She also knew it would not be easy, but she was determined to turn her situation around. She still had to help her father, but she decided to take her books along and to study during downtime. She got support from customers and passers-by who would motivate her with their comments.
But her peers were less than sympathetic, unaware of her struggles. After they saw her selling food, they bullied her in school, calling her names like “pudding girl.”
“That time was really difficult for me and I had really low self-esteem,” she told WMN. “I spoke to my friends, who tried their best to encourage me to see the best in my circumstances, given that I was making money.”
She had to find self-love and strength in herself, not to be put down by those who knew no better.
“I started to look myself in the mirror and say that I am beautiful and worthy. I just had to believe those things about myself and take care of myself. I needed to do these things to feel good about myself.”
She did. And it was worth it. In 2014 Charles aced all her subjects in the Caribbean Secondary Education Certificate (CSEC) exams, and was among the top economics students in the region.
How did she do it?
“A big part of me doing well was being in complete communication with my teachers. In situations, like (mine), when you are disadvantaged, you must be in communication with your teachers for them to help you where they can.”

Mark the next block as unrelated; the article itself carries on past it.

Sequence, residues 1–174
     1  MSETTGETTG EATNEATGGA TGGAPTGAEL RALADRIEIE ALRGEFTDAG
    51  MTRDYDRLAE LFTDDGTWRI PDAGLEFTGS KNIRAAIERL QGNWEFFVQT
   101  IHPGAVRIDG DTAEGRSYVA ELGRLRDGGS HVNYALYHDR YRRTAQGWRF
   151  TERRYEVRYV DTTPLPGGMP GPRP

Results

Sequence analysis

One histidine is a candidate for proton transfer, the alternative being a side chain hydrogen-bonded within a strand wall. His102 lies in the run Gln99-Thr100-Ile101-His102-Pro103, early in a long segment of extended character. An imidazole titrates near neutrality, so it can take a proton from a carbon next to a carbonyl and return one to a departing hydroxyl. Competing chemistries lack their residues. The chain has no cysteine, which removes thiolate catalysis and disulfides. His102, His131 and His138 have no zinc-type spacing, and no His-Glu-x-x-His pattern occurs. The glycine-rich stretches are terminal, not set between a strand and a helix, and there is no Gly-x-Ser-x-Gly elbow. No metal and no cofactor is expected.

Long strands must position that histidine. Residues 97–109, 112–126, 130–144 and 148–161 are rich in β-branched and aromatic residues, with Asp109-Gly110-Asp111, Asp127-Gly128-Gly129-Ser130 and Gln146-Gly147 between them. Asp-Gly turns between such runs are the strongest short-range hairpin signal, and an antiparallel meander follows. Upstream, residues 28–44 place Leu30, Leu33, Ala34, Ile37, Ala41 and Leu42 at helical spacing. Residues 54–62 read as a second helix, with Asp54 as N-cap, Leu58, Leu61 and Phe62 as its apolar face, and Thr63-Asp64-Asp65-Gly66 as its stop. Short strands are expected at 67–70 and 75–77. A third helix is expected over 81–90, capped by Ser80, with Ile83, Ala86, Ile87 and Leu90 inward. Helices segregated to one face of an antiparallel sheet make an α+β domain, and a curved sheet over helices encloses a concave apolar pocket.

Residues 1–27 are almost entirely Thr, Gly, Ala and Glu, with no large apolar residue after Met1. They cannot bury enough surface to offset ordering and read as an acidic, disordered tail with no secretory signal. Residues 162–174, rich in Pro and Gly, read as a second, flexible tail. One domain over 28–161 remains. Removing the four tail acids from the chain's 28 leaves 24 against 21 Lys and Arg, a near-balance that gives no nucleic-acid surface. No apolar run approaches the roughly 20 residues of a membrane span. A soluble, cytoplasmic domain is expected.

Charles went on to do sixth form studies at St George’s College, followed by a degree in economics at UWI, St Augustine, which she achieved in 2019.
But these accomplishments were not without obstacles. When she was in upper sixth form, her father died from complications of sickle-cell anaemia. His sudden death meant she missed months of study and lost her only financial support.
Despite her father’s flaws, Charles still recognised what he provided for her and wanted to give back to him when she completed her studies.
After his death, she got help from her family in TT and reconnected with her mother, who was back in Grenada, even visiting the island a few times.
Apart from family support, Charles worked in a fast-food restaurant and taught lessons to help see her through university, jobs she continued until earlier this year.
In 2017, while at UWI, Charles founded the Survival Scholars initiative to help students of all ages excel despite whatever personal circumstances they faced. She shared her experiences and successes with them, and spoke one-on-one with students to help them figure out what individual styles of learning worked best for them.